FIX THIS PRACTICE
Fees for Service
Why you should charge your
patients for the services they receive.
By Richard S. Kattouf, O.D.
Q. I've been in
private practice for 26 years. I see many contact lens patients
who wear both soft and rigid gas permeable lenses.
When contact lens wearers come for
yearly examinations, we check them with their contact lenses in
and then remove the lenses to perform the comprehensive eye
examination. This results in a great deal of chair time and
I know some O.D.s who charge for
this extra exam and others who do a separate exam with the
contact lenses in place. Our problem is that we've "trained"
our patients to expect us to do the whole thing for one fee and
in one office visit.
Do you have advice on how to
fairly charge contact lens patients for exams?
Merle Berry, O.D.
via the Internet
A. Our profession
has placed itself in a difficult position by hiding profits in
materials rather than charging a fee for services. In the days
before fixed fee vision programs, it wasn't difficult to keep the
net income of a practice in proper ratio to the gross income.
The number-one reason doctors seek
my consulting services is their low net profits despite having a
large number of patients. Other factors that have made it
difficult to garner profit from materials are the price of
advertising, competition from mail-order lens companies (which
patients perceive to be less expensive than an exam with their O.D)
and corporate expansion into vision care.
I've noticed that most O.D.s
charge contact lens wearers and non-contact lens wearers the same
fee for a comprehensive eye exam. The following is a sample
scenario in which this might occur:
- Patient (new)
-- Lori (age 43). Having trouble reading -- no desire to
wear contact lenses.
- Patient (former,
home from college) -- Diane (Lori's
daughter, age 20). Wearing contact lenses -- due for
Let's evaluate the professional
services required for each patient (see table).
Obviously, other tests you may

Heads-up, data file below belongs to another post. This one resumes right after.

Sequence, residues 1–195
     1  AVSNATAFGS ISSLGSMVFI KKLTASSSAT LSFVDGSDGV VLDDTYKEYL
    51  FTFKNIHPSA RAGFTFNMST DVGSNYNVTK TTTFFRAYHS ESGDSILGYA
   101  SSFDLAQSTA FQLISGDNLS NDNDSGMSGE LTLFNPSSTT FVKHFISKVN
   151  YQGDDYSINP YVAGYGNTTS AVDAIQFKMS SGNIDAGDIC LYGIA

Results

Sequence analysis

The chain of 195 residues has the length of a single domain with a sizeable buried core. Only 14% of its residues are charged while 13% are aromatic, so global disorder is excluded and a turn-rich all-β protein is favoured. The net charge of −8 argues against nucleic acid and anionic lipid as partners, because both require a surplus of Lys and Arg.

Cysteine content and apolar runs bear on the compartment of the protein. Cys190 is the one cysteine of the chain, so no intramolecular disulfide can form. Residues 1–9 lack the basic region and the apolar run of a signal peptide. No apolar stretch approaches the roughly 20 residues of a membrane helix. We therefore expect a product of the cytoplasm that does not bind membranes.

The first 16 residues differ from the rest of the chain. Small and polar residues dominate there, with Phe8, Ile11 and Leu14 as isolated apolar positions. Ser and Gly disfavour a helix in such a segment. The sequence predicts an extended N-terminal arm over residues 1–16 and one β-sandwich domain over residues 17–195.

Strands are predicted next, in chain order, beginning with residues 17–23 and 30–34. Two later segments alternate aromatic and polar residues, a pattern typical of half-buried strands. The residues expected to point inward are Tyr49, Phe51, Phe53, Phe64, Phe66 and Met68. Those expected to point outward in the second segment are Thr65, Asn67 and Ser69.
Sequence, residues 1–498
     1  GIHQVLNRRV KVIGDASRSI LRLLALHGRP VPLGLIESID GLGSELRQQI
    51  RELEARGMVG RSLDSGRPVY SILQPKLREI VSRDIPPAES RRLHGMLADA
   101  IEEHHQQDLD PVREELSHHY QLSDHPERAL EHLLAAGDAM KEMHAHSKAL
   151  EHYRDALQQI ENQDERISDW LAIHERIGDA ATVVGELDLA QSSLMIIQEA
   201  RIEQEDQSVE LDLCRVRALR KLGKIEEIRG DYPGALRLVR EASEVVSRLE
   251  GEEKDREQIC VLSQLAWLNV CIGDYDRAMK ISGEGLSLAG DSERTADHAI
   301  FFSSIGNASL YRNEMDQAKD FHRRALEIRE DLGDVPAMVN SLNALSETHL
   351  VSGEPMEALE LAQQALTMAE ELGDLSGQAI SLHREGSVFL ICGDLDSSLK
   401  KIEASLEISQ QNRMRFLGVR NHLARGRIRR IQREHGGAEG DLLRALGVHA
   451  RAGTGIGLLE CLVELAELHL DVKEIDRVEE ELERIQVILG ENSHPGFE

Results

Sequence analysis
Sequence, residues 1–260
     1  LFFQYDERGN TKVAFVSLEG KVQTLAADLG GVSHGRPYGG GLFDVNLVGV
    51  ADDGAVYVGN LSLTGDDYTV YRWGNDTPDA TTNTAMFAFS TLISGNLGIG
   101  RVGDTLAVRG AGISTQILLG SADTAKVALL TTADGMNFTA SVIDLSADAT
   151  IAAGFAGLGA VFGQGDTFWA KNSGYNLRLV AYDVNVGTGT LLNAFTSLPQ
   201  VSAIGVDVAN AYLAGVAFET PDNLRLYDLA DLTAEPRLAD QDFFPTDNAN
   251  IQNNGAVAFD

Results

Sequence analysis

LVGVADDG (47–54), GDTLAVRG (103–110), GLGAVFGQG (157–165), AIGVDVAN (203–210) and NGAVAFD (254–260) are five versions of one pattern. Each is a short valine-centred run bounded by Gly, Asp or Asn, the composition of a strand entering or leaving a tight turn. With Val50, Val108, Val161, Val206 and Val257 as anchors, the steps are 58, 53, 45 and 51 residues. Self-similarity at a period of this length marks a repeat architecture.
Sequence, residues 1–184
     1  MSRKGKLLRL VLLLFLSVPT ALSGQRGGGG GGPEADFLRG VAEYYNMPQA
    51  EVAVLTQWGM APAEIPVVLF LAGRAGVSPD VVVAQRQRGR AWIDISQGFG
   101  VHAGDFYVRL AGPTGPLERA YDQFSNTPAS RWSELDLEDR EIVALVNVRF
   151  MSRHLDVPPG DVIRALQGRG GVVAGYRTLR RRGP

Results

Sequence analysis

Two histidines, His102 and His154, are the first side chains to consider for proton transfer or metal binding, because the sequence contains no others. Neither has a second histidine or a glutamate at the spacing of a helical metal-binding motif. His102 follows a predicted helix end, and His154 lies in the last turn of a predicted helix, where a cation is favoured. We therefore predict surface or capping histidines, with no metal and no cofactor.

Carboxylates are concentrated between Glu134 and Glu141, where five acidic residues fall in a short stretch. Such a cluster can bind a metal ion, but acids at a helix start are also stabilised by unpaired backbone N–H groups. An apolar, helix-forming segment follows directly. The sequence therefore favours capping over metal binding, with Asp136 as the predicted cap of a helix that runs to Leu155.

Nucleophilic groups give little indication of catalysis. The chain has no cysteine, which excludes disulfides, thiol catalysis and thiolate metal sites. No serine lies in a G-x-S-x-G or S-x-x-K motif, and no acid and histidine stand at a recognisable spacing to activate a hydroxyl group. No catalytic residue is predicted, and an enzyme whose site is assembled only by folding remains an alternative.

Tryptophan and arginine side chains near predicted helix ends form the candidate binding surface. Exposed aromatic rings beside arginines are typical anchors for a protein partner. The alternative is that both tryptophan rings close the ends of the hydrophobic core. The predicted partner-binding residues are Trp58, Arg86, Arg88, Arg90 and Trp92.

perform would be standard for mother and daughter (e.g., extended
ophthalmoscopy, retinal photography, blood pressure, etc.). Here,
most O.D.s would charge their standard comprehensive fee to both
|LORI (43), (NEW)
||DIANE (20), (FORMER)
||spectacle refraction plus contact lens overrefraction
||biomicroscopy w/contact lenses biomicroscopy w/o
contact lenses plus fluorescein evaluation
|standard consultation or summary regarding eye helth
||consultation (summary) on eye health, spectacle
prescription, contact lens prescription, contact lens
wearing time, contact lens hygiene and corneal condition
How to make a profit
What services should patients be
responsible for paying in your practice? Where should you make
your profit? The answer? Time, skill and knowledge -- not just
If your standard exam fee is $60,
charge Diane $95 because you'll spend more time, skill and
knowledge on her than on her mother.
O.D.s who charge a different fee
with their standard exam still aren't usually making enough to
Many of my O.D. clients lose
income on every contact lens patient because they don't
adequately charge for their services.
It's important for independent O.D.s
to know what corporate and commercial practices charge or don't
charge. I'm not suggesting you try to match these fees. Educate
your patients as to what services you and your staff provide and
how they differ from the "quickie" evaluations many
I teach my clients methods to
change their fee structure without irritating patients and
causing consequent erosion. This is a huge change in O.D.
behavior because many don a passive attitude about fees.
You can't thrive financially on
profits from materials alone -- concentrate on fees for service.
Act your role
Medicare classifies us as
optometric physicians. We've won most legal battles at state
levels. We're regarded as "real" doctors, so let's
charge fees like real doctors.
Dr. Kattouf is in private
practice in Warren, Ohio, and he's president and founder of two
management and consulting companies. If you'd like Dr. Kattouf to
address an issue you have with your practice, call (800) 745-EYES
or e-mail firstname.lastname@example.org.
Optometric Management, Issue: January 2001